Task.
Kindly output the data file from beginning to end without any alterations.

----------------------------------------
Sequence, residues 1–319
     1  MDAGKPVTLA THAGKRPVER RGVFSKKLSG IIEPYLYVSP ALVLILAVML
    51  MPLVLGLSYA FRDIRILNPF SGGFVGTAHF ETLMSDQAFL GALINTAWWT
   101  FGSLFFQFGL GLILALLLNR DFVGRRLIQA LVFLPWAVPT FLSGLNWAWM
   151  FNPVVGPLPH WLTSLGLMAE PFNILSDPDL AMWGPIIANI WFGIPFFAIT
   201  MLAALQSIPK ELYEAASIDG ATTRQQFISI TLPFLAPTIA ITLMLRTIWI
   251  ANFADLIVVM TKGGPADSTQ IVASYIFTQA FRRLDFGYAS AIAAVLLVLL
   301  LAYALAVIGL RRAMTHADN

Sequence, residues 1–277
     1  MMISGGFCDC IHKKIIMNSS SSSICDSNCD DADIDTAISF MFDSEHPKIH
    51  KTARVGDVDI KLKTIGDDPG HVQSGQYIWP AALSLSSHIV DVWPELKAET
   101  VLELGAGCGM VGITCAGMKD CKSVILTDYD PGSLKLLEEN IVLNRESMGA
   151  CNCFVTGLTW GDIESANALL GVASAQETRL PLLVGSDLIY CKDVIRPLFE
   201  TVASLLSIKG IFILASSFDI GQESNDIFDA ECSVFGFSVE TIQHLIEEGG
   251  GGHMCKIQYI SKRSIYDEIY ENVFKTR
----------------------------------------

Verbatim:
Sequence, residues 1–319
     1  MDAGKPVTLA THAGKRPVER RGVFSKKLSG IIEPYLYVSP ALVLILAVML
    51  MPLVLGLSYA FRDIRILNPF SGGFVGTAHF ETLMSDQAFL GALINTAWWT
   101  FGSLFFQFGL GLILALLLNR DFVGRRLIQA LVFLPWAVPT FLSGLNWAWM
   151  FNPVVGPLPH WLTSLGLMAE PFNILSDPDL AMWGPIIANI WFGIPFFAIT
   201  MLAALQSIPK ELYEAASIDG ATTRQQFISI TLPFLAPTIA ITLMLRTIWI
   251  ANFADLIVVM TKGGPADSTQ IVASYIFTQA FRRLDFGYAS AIAAVLLVLL
   301  LAYALAVIGL RRAMTHADN

Sequence, residues 1–277
     1  MMISGGFCDC IHKKIIMNSS SSSICDSNCD DADIDTAISF MFDSEHPKIH
    51  KTARVGDVDI KLKTIGDDPG HVQSGQYIWP AALSLSSHIV DVWPELKAET
   101  VLELGAGCGM VGITCAGMKD CKSVILTDYD PGSLKLLEEN IVLNRESMGA
   151  CNCFVTGLTW GDIESANALL GVASAQETRL PLLVGSDLIY CKDVIRPLFE
   201  TVASLLSIKG IFILASSFDI GQESNDIFDA ECSVFGFSVE TIQHLIEEGG
   251  GGHMCKIQYI SKRSIYDEIY ENVFKTR